No. 356.Circuit Court of Appeals, Second Circuit.
June 21, 1944.
Appeal from the District Court of the United States for the Southern District of New York.
Helmut Leiner was convicted of violating sections 3(a) and 16 of the Trading with the Enemy Act, 50 U.S.C.A.Appendix, §§ 3(a), 16, and he appeals.
John W. Burke, Jr., of New York City, for appellant.
Bruno Schachner, of New York City, for appellee.
Before L. HAND, CHASE, and FRANK, Circuit Judges.
L. HAND, Circuit Judge.
This case comes up upon an appeal from a judgment of conviction, entered upon a plea of guilty to counts one, three and four of an indictment for violation of the “Trading With The Enemy Act.” § 3(a) and § 16 of 50 U.S.C.A.Appendix. The substance of count one is as follows: Leiner, the accused, “on the 22nd day of June, 1942 * * * did trade with another person with reasonable cause to believe that such other person was an enemy of the United States” in that he “did receive property, to wit, currency in the sum of $50. for the purpose of changing the same from Edward John Kerling with reasonable cause to believe that the said Edward John Kerling was an agent of the Government of the German Reich,” with which the United States was then at war. The third count was exactly like the first, except that it laid a second transaction with Kerling on the twenty-third day of June; the fourth count was also like the first, except that it laid a transaction on June 23rd with one Hedwig Engemann, whom Leiner had reasonable cause to believe was “conducting and taking part in said trade on behalf of” Kerling. Upon this appeal the points raised are; first that the acts alleged were not a crime under § 3(a) of the “Trading With The Enemy Act”; second, that the indictment did not allege that Kerling was in fact an agent of the Reich, but only that Leiner had reasonable cause to believe so; and third, that the statute was unconstitutional because it was too vague. At the outset we may dispose of the last objection merely by reference to Nash v. United States, 229 U.S. 373, 377, 378, 33 S.Ct. 780, 57 L.Ed. 1232; Gorin v. United States, 312 U.S. 19, 27, 28, 61 S.Ct. 429, 85 L.Ed. 488; United States v. Ragen, 314 U.S. 513, 523, 62 S.Ct. 374, 86 L.Ed. 383.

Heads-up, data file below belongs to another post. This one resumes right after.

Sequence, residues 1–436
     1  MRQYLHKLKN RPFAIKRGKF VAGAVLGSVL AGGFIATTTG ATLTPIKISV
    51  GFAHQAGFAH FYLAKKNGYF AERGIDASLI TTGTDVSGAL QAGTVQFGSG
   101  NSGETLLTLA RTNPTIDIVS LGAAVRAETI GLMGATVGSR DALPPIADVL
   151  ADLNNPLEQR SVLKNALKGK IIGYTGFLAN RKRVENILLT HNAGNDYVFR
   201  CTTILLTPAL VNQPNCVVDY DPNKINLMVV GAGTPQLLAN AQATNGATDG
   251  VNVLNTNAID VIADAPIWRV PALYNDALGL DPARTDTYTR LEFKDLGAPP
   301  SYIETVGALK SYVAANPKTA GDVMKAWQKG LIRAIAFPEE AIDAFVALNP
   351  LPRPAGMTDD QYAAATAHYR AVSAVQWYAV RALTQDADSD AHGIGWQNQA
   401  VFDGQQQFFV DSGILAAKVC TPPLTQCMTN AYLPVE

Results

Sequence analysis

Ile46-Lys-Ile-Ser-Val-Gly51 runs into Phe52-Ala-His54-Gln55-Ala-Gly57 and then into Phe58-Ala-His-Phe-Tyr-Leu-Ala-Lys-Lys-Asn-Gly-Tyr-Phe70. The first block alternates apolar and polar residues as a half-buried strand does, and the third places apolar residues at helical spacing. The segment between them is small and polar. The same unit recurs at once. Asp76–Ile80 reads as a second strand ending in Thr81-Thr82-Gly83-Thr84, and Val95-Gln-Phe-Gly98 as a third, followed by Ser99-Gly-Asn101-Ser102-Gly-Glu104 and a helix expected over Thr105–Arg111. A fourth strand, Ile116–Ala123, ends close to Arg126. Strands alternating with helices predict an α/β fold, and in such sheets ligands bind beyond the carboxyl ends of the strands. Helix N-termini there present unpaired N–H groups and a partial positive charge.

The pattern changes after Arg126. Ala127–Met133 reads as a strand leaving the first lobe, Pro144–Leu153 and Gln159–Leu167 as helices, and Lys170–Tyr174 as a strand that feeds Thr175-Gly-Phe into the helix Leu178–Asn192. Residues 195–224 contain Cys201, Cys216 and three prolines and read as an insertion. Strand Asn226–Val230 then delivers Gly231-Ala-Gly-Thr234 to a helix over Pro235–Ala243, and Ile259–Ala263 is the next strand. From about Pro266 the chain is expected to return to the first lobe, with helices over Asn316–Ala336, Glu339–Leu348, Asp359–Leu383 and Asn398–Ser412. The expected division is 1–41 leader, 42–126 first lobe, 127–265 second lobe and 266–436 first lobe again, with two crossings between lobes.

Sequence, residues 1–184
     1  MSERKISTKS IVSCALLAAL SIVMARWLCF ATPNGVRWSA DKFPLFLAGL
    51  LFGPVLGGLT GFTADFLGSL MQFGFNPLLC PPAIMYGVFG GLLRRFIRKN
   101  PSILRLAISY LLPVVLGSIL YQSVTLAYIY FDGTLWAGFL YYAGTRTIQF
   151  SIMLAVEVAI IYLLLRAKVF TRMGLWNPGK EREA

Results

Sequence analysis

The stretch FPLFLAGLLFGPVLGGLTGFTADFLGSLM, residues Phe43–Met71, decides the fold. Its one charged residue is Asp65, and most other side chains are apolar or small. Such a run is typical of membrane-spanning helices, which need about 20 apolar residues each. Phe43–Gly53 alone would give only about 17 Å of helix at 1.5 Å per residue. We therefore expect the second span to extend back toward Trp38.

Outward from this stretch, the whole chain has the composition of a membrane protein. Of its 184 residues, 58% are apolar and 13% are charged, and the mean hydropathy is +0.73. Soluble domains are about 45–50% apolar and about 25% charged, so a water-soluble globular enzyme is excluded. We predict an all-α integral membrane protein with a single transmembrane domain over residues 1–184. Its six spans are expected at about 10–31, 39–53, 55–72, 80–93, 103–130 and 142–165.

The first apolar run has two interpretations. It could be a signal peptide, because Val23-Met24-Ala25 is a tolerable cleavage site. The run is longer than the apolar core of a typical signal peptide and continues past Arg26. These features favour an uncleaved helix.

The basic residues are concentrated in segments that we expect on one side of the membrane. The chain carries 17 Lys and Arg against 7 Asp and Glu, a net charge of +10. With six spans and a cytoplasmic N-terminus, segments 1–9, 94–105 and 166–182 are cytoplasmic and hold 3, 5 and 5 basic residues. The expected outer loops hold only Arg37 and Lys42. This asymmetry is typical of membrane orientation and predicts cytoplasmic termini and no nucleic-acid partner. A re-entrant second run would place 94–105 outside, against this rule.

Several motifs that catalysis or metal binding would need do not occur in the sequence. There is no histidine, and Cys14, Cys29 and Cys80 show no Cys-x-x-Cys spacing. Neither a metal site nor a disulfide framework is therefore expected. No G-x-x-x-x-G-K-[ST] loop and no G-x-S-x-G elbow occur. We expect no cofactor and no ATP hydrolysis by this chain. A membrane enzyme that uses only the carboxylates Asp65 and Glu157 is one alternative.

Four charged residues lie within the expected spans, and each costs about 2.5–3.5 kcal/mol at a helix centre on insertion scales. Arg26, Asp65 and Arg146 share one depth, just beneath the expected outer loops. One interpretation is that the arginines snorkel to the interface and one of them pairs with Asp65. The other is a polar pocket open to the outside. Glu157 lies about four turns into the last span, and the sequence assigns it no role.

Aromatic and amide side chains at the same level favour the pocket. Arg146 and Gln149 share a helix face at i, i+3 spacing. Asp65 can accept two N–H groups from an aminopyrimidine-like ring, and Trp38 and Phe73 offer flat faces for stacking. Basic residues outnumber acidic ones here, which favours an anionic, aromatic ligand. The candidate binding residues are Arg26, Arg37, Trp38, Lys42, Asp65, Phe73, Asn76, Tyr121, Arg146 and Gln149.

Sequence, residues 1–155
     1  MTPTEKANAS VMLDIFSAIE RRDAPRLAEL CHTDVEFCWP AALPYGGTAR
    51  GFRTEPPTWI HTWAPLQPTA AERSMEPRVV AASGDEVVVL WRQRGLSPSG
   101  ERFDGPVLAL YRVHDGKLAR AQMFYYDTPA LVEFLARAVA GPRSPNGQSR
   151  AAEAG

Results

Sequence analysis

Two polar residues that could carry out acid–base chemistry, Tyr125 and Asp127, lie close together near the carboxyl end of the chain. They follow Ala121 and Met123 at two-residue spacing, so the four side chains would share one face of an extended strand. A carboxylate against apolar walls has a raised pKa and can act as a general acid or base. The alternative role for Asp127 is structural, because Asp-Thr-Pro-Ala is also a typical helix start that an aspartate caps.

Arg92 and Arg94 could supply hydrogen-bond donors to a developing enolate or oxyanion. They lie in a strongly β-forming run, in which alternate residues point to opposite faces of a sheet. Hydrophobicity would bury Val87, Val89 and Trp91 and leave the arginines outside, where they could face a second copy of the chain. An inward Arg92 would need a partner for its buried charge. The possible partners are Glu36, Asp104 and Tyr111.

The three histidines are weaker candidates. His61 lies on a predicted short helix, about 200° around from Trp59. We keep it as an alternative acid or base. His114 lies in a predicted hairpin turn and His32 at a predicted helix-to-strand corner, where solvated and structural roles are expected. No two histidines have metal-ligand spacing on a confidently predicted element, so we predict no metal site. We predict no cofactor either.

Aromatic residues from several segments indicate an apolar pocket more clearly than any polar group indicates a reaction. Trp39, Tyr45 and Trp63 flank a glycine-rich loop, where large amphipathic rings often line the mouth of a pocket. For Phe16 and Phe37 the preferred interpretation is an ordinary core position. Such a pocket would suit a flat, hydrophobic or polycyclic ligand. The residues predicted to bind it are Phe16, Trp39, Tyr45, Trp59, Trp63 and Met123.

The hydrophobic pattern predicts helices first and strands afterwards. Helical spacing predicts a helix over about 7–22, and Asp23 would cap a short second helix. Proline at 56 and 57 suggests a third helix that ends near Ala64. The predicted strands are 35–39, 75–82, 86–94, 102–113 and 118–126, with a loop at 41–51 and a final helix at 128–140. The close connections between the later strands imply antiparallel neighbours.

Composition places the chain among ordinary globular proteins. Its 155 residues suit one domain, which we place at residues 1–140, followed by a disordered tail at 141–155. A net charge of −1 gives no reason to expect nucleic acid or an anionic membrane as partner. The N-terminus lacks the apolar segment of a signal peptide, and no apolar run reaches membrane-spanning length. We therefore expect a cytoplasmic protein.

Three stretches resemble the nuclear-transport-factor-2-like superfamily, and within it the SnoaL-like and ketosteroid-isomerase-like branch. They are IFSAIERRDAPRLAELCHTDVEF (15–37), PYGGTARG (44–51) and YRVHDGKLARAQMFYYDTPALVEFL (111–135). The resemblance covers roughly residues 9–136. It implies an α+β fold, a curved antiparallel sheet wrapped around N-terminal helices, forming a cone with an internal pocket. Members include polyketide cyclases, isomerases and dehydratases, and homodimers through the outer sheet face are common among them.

Section 3(a) of the act makes unlawful — among other things — “trade * * with * * * any * * * person, with knowledge or reasonable cause to believe that such * * * person is an enemy”: § 16 sets the penalties. Section 2 of the act, 50 U.S.C.A.Appendix § 2, defines an “enemy” as including an “agent” of “the government of any nation with which the United States is at war”; and “trade” as including to “exchange * * * transfer * * * or receive any form of property,” and as including also “to have any form of * * * commercial communication or intercourse with.” If § 3(a) was in force, as it was unless the President had licensed the transactions charged in the indictment (which he had authority to do), they were crimes, and the judgment was correct. Thus, the appeal turns upon whether the President had granted such a license, and that depends upon a mass of complicated verbiage, not altogether consistent. Section 5(b)(1)(B) of the act, as amended on December 18, 1941, 50 U.S.C.A.Appendix § 5(b) (1)(B), gave the President power, among other things, to “prohibit, any * * * transfer * * * or dealing in * * * any property in which any foreign country or a national thereof has any interest.” On April 10, 1940, the President issued what is known as the “Freezing Order,” (Executive Order No. 8389, 12 U.S.C.A. § 95 note), by which he prohibited — except as the Secretary of the Treasury should otherwise authorize — many transactions, but among them were not those charged in the indictment. Such transactions neither the President nor any delegate of his, ever did prohibit, although the language just quoted from § 5(b)(1)(B) would have made them unlawful, had he done so. On February 12, 1942, the President delegated to the Secretary all his powers under § 3(a) and § 5(b); and, although he revoked this order on March 11, 1942, and conferred the same powers upon the Alien Property Custodian, that official in his turn retransferred them back for the time being to the Secretary on March 13.
So matters stood on March 18, 1942, when the Secretary of the Treasury promulgated “General Ruling No. 11,” in four sections. Section one provided generally that “no license * * * shall be deemed to authorize any transaction which * * involves any trade or communication with an enemy national.” Section two defined, among other terms, the meaning of “trade or communication” — § 2(d) —; section three is irrelevant here; and section four declared that “any transaction prohibited by section 3(a) * * * is licensed thereunder unless such transaction is prohibited pursuant to section 5(b) * * * and not licensed by the Secretary of the Treasury.” This section concluded by a reference to a general license issued by the President on December 13, 1941, which covered “any transaction * * * prohibited by section 3(a) * * * provided * * * that such transaction is authorized by the Secretary